Eating when I’m hungry and not eating when I’m not hungry, oil massage, 20-minute naps, staying hydrated and eating soup often, being creative every day, getting 8 hours of sleep.

What are you involved with outside the studio?
At the moment….photography, tennis, cooking, and a little guitar.

Absolute favorite asana?
Downward Dog

What is your favorite thing about the Bay Area?
Sunshine and the variety of avocados!

Your Year in Review: 2017 Personal Inventory Worksheet

HONOR YOUR PATH

Memory is a funny thing. The more time passes, the more our recollection of the past shifts and evolves, taking on the hue of the present moment’s wisdom. Take some time this month before we welcome 2018 to document the highs and lows of 2017. What path did you take? There is no sweeter gift for yourself than creating space to touch in with your mind, body, and spirit. Try this ritual below to honor the closing of one year and the birth of another:

  1. Find a quiet space (or somewhat quiet space if you have roommates, children, excited pets).
  2. Light a candle or burn some palo santo.
  3. Pull out a special journal or some fresh white pieces of paper.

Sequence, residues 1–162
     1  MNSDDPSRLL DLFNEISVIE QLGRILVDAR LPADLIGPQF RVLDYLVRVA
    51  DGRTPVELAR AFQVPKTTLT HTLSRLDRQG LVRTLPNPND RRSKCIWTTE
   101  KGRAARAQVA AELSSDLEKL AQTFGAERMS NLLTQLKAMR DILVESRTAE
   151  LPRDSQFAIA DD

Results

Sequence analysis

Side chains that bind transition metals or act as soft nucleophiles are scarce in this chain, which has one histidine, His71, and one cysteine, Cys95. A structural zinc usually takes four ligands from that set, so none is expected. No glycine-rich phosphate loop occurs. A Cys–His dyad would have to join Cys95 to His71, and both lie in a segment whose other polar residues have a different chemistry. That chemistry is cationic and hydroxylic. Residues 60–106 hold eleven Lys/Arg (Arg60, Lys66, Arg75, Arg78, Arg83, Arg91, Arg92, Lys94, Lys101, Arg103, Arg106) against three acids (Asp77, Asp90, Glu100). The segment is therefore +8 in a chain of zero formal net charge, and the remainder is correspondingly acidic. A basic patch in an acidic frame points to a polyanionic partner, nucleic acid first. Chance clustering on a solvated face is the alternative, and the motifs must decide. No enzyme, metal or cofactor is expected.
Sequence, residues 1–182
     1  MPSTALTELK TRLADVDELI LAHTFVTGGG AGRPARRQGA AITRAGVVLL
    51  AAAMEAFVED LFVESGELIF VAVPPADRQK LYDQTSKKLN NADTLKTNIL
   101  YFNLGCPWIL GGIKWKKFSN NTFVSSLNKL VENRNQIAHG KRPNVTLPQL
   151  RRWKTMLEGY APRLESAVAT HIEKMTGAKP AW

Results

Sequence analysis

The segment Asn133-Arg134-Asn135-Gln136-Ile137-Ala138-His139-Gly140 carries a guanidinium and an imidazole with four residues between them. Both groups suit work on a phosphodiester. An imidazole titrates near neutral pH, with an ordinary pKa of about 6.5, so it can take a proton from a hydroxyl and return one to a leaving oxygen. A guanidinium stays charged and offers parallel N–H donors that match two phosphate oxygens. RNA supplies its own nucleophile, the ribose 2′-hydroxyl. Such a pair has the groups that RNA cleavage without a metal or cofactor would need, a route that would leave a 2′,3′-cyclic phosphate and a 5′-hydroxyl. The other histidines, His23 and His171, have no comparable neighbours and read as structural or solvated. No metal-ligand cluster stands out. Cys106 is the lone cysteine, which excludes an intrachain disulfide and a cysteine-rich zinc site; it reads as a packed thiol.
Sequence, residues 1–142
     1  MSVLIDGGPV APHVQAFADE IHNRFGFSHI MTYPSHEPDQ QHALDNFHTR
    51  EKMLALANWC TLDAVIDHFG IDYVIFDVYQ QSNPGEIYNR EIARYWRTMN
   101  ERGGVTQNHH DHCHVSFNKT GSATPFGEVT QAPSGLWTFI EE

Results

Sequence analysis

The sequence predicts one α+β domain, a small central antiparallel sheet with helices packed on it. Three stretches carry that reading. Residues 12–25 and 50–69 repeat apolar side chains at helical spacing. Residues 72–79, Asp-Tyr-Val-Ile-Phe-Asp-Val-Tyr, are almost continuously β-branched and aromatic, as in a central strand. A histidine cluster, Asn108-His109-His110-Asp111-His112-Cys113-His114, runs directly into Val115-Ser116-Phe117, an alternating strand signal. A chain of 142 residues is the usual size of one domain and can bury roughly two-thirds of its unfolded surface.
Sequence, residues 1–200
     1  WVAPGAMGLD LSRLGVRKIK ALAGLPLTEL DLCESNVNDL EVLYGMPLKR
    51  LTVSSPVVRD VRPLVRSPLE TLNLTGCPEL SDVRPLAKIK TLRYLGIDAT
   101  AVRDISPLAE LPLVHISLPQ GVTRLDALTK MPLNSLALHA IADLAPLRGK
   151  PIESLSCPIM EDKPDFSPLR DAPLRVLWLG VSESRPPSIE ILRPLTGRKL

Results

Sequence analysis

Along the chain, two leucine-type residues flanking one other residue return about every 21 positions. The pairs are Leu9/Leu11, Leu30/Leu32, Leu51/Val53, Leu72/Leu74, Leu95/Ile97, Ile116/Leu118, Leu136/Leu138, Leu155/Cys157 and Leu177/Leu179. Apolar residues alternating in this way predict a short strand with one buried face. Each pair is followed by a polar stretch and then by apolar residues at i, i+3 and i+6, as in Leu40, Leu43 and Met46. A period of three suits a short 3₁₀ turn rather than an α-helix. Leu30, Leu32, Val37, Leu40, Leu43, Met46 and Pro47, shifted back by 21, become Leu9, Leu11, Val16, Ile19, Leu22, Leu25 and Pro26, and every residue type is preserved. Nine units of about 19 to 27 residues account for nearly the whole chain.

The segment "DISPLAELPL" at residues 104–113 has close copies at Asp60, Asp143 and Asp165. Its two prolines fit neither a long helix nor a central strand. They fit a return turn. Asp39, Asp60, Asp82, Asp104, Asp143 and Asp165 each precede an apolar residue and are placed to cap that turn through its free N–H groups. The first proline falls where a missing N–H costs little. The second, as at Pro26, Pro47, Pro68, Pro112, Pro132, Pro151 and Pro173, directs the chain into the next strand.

4. Close your eyes, take 10 deep breaths in and out, watching your out breath. You can place your hand over your heart or rest gently on your thighs.
  5. Set an intention for this practice. A suggestion would be “I am grateful for all this year brought and open to honest reflection”
  6. Get writing! Save this worksheet nearby and check-in on it throughout next year to see how far you have come!

Download your very own Year of Empowerment Personal Inventory worksheet!

Keep up with us on the blog, Instagram, and Facebook where we’ll be sharing tips from your favorite Namaste teachers.

Join us for a New Year’s Day Benefit Class to support Habits for Humanity! The best way to kickstart your new year.

Meet Your Staff: Rockridge Manager Holly Saitta

Holly is modeling some of our newest apparel from the Namaste Boutiques.

Featured here: Onzie velvet crop top and metallic leggings. Perfect for NYE dancing!

Each week for the next few weeks we will be highlighting one of our incredible Namaste tribe members! With so many inspiring, passionate folks working at Namaste we felt it was a crime to keep their shining personalities from the rest of the world.

Meet Studio Manager: Holly Saitta

Who are you?
My name is Holly and I am the Rockridge Studio Manager.

How long have you been at Namaste and what do you do here?